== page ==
lost luggage what to do
This spring, while returning to home from London, I barely made it onto my connecting flight to New York. My checked bag, however, did not. Two days later, the bag did arrive, but when it did, one item was missing: a full cosmetics bag, filled with several collections of pricey Pat McGrath makeup.
I was eventually reimbursed by the airline for my stolen items. Here’s what I did.
1. Stay organized. Keep every receipt.
Not only did I have my baggage claim tickets, I held onto the receipt issued to me by the delivery agency in charge of dropping off my bag the next day. Upon realizing that my makeup was indeed missing (who steals used cosmetics?), I called the delivery agency, as well as the airline. I even called the airport, but they passed me onto the airline. (It doesn’t hurt to check all your options.)
2. Contact the airlines right away. Use social media if necessary.
Airlines monitor social media platforms like Twitter for customer complaints and questions. In my frustration over my lost makeup, I dashed off a tweet, tagging the airline. Less than ten minutes later, the airline replied, and asked me to send them details via a private message. They then forwarded a link to file a claim.
3. File a claim right away.
In the case of stolen property, you’ll want to start the process as soon as possible. I’ve found that airlines are pretty responsive, but they have guidelines that you’ll have to meet. So it’s best to have all your data handy: When you flew, when you arrived, any layovers, as well precise details of stolen items.
While the process varies from airline to airline, if you’re asking to have stolen items replaced, you may have to turn in receipts of the original purchases. I happened to have bought all this makeup online, so I had every single receipt. If that weren’t the case, it’s likely I’d have to get the banks or the retailers involved to dig up a receipt from a year earlier.
I don’t know what would have happened if my lost products had been gifts, or family heirlooms. The safest option, given that the process requires receipts, is to not travel with irreplaceable or uninsured objects.
4. Stay organized, and friendly.
Once your claim makes its way into the airline systems, you’ll get emails from the airlines updating you on your claim status. Keep your claim number handy and use it in every message you exchange. Reply in a timely manner. Remember that there’s a real person on the other end of the email, so stay friendly and polite.
Exactly one month after filing my claim, I received a check to replace my makeup. (In my two most recent trips, I’ve packed all my cosmetics in my carry-on, next to my computer.)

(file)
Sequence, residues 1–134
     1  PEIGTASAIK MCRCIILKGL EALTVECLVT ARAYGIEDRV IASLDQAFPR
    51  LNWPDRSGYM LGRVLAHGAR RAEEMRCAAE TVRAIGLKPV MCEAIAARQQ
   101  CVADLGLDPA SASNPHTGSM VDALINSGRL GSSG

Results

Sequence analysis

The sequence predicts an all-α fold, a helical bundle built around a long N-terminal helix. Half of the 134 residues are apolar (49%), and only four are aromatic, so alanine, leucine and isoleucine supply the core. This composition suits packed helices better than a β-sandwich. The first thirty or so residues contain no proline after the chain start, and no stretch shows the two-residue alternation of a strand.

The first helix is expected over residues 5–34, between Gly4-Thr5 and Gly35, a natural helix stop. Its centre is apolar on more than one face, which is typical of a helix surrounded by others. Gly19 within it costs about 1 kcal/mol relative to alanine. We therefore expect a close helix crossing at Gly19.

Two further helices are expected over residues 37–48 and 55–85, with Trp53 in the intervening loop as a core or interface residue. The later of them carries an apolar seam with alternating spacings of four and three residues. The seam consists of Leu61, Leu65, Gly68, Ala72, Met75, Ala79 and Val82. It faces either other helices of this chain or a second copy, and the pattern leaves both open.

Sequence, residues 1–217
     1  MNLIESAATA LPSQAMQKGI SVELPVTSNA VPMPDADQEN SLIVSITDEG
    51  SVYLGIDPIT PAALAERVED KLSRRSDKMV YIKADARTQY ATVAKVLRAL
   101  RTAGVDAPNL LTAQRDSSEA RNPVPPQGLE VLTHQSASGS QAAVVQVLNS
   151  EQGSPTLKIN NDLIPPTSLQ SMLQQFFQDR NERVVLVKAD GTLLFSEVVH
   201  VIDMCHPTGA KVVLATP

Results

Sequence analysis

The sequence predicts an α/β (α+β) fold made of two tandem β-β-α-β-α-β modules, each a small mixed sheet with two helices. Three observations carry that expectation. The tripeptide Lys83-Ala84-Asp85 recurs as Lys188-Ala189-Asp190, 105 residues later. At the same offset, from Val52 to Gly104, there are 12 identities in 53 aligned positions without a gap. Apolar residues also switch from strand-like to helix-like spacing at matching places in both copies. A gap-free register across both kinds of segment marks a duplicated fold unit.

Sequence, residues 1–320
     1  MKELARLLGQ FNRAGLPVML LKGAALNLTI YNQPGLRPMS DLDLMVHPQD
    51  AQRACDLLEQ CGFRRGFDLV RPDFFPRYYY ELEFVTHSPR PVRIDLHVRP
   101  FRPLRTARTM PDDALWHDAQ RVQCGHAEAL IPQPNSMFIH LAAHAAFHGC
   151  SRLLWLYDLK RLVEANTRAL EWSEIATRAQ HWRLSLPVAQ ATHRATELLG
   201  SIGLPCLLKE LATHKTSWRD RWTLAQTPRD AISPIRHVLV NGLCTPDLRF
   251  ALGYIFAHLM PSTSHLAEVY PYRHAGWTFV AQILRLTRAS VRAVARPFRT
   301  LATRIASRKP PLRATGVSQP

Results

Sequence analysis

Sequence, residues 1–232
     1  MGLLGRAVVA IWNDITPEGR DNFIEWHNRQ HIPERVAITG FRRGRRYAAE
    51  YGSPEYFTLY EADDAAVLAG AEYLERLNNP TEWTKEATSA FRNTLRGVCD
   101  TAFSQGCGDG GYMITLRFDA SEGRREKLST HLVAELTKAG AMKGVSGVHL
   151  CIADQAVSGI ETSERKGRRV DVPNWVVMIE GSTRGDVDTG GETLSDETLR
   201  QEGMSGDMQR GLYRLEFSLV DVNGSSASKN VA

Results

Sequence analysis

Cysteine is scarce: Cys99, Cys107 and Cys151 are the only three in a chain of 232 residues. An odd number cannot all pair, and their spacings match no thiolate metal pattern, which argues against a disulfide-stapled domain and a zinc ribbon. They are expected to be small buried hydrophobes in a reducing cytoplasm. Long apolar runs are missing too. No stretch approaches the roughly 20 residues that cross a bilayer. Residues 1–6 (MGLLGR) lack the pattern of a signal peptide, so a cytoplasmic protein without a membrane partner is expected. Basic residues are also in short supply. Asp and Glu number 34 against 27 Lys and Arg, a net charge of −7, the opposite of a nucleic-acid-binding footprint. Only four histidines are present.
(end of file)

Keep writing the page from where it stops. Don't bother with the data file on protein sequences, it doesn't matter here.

5. Lessons learned.
Since complaining to my friends about my lost makeup saga, I’ve heard from fellow travelers who’ve had shoes and jackets disappear from checked bags, even on luggage loaded onto direct flights. Which is to say: Nothing is safe from prying hands, even in locked bags. (One friend, transporting a bottle of Champagne home in her suitcase, put a handwritten note next to it, stating that it was her birthday Champagne and pleading with the TSA not to take it. It worked.)
Along with making choices about what goes in your carry-on and what doesn’t, some travelers swear by wrapping up luggage at the airport in swaths of colored plastic.
On a recent return from France, I had a bag crammed full of valuable spirits, so I opted to take a chance on the wrap. Safe Bag, which I used on my flight from Paris to New York, quickly wrapped up my white bag in a bright red recyclable plastic film and added a trackable code. (The Safe Bag worker noticed that my bag was overweight by a kilo, and helpfully suggested that I take out one dress to bring the bag’s weight down to avoid extra baggage fees.)
The company’s premium service (about $20) includes insurance for theft, delays and damage. It offers live tracking and customer support.
My bag, and all of its contents, arrived safely. Although the product is merely layers of thin plastic film, cutting a suitcase out of its wrap is enough of a hassle that it’s meant to be a deterrent to sticky fingers. (It took ten minutes at home to get all the plastic off.)
Even so, it can get expensive to pay for wrapping before every flight, especially when I travel so often.
But it’s time to perhaps see plastic wrapping as part of the normal cost of travel. Because, for the first time in a long time, I boarded a flight with some confidence that my best treasures would likely arrive with me.